Friday, May 29, 2009

The Brown Lady of Raynham Hall

When I was a wee one, I loved Ghost Stories (with a capital G, and S). I had this crazy book called the Usborne book of GHOSTS, and I read it so often that it literally disintegrated in my hands. I went on a mad search for the thing several summers ago when I was home, but alas, it appears to have vanished.

The first story in this collection was one about "The Brown Lady of Raynham Hall." The story also included an accompanying photograph, reproduced below.

Now, as I'm writing this, I realize this photograph is most likely a hoax, and that the shadowy figure looks like a statue of the Virgin Mary. If you look closely, you can see the triangle feet, where her robes fall around her, and it appears as if her hands are in the praying position. In actuality, the perpetrator of this hoax probably figured out a way to superimpose a photograph of a statue over the stairs.

But when I was ten, man, I believed this. I believed it so hard. And the accompanying story makes you WANT to believe it. That's the fantastic thing about really great ghost stories. You want these spirits to exist, because their stories are so dramatic.

The deal with the Brown Lady was that she was supposedly Dorothy Walpole (1686-1726), the sister of England's first Prime Minister. She wanted to marry the second Viscount Townshend, but her father wouldn't allow it. Finally, after the death of Townshend's first wife they were finally married. Of course by this time Dorothy had started a love affair with this guy named Lord Wharton. When Townshend learned of the affair, he supposedly bricked Dorothy up in Raynham Hall, where she either

a) died of a broken heart
b) died of a push from Townshend down the stairs
c) died of boredom

And it it her ghost that haunts the halls. An extension of the same story is that guests at Raynham Hall have reported to seeing her walk towards them, a shadowy female figure who comes more and more into focus the closer she gets, and that right as she's face to face, you realize she has. no. eyes. Just sockets! And then, hoping you're sufficiently creeped out, she vanishes.

There is yet another caveat to the story, that, in hopes of getting rid of the ghost, the owners of Raynham Hall took to exploring the house to find the remains of one such woman. The story goes that the skeleton of a young woman was found, and promptly buried at a nearby nunnery. The Brown Lady hasn't been seen since.


Esz said...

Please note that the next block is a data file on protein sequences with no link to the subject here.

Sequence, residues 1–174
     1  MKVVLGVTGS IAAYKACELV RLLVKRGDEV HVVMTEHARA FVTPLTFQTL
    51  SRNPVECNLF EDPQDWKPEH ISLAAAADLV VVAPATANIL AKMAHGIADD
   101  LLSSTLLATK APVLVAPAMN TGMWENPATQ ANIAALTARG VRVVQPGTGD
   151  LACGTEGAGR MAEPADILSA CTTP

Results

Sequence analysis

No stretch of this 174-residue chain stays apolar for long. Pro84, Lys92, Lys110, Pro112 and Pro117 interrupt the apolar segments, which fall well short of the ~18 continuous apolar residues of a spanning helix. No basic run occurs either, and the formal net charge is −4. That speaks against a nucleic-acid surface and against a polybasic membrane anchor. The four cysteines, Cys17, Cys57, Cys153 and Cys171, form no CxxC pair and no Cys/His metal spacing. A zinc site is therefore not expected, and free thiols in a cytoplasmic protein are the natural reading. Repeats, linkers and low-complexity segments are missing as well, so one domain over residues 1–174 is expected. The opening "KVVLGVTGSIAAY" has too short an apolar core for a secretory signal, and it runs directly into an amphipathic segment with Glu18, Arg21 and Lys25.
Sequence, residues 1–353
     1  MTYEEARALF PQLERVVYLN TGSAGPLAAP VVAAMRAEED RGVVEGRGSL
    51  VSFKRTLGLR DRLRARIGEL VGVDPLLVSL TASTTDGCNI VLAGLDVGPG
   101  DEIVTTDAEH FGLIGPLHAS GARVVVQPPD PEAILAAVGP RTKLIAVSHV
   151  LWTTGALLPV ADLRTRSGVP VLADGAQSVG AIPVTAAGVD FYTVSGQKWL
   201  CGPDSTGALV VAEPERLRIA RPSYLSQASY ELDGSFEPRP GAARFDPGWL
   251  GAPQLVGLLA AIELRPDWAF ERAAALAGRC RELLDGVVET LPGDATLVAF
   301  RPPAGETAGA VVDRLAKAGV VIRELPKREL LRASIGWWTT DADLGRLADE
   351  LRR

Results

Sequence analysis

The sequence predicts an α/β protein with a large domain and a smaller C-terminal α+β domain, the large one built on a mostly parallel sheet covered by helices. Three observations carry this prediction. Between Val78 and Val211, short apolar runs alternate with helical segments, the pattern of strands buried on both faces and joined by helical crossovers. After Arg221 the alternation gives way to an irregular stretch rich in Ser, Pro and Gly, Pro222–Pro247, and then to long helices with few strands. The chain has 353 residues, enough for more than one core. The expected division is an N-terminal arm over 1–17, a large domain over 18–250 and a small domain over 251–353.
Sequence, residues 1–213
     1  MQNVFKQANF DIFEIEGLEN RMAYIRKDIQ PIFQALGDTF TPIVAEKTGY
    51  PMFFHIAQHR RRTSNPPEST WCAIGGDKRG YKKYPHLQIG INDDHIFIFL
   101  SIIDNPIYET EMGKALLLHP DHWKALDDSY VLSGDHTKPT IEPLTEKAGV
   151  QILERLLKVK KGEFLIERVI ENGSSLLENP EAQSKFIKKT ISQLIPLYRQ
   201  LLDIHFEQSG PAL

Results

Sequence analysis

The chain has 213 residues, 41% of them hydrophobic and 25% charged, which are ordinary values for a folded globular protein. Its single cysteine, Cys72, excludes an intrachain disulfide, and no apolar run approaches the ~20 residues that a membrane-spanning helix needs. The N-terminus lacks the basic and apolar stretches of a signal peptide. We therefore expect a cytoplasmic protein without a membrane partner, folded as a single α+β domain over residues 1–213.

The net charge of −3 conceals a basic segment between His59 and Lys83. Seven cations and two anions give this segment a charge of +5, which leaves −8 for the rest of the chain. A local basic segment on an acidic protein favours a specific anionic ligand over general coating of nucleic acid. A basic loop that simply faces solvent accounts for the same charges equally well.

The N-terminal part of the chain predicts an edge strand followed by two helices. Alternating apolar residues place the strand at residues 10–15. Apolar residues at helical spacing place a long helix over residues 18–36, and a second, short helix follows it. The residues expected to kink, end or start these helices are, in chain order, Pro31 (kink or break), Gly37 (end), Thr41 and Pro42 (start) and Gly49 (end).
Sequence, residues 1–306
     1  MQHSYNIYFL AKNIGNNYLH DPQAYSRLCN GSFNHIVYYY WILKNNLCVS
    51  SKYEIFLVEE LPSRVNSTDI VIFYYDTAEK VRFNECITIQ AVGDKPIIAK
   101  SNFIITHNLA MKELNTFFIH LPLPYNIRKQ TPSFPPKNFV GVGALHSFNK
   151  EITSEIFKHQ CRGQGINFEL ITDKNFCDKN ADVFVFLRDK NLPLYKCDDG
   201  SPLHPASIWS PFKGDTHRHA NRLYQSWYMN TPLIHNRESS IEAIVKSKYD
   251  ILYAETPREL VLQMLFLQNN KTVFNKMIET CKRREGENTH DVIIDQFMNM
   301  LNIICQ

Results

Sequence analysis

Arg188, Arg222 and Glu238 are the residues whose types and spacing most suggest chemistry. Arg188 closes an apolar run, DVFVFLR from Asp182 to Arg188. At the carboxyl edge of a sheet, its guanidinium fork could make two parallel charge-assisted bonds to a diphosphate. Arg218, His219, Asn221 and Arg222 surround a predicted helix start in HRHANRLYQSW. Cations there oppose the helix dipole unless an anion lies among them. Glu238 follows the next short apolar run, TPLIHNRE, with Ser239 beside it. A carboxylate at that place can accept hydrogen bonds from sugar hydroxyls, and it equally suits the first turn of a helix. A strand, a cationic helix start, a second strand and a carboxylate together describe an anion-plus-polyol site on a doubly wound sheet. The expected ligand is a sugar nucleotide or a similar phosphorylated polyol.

I looove that story. My mum had a Readers Digest book that was a huge anthology of all things weird and supernatural. I read it I dont know how many times. It had this story in it and was ordered chronologically starting from as far back as prehistoric man.
I lent it to an old boyfriend and never saw it again :-(

I too, so wanted to believe all these stories, but as I get older I get more sceptical.

Anonymous said...

world would be more interesting if there were ghosts but I don't think there are any I do, however, think that events leave a mark or trace on places and if you try you can get in touch with suffering or pain or joy

Madelene said...

I had a ghost book like that too, and read it obsessively as a child. I still find myself searching for paranormal stories online and in new books.. I love hearing about supposed 'haunted' places. It's so interesting and fascinating even if a lot of them are fake..

Snobber said...

esz: damn that ex-boyfriend! you must demand it back.

anon: who knows. i suppose ghosts could be energy, from unfinished business: injustice, violence, revenge, etc.

madelene: i wanted to start the series because i couldn't find anything like it anywhere else! do people not catalog these stories anymore, or do they simply not exist?

thanks for reading everyone!

Silver Skies said...

I just read this story about the Brown Lady and I stumbled on your blog post while I was surfing for more info... and lol, I like your laid back approach to the subject. But idk... somehow I seem to think that this story could be incredibly romantic and daring... *sigh* I wish there were more on her history and on her (prior to her death)

anyway nice post!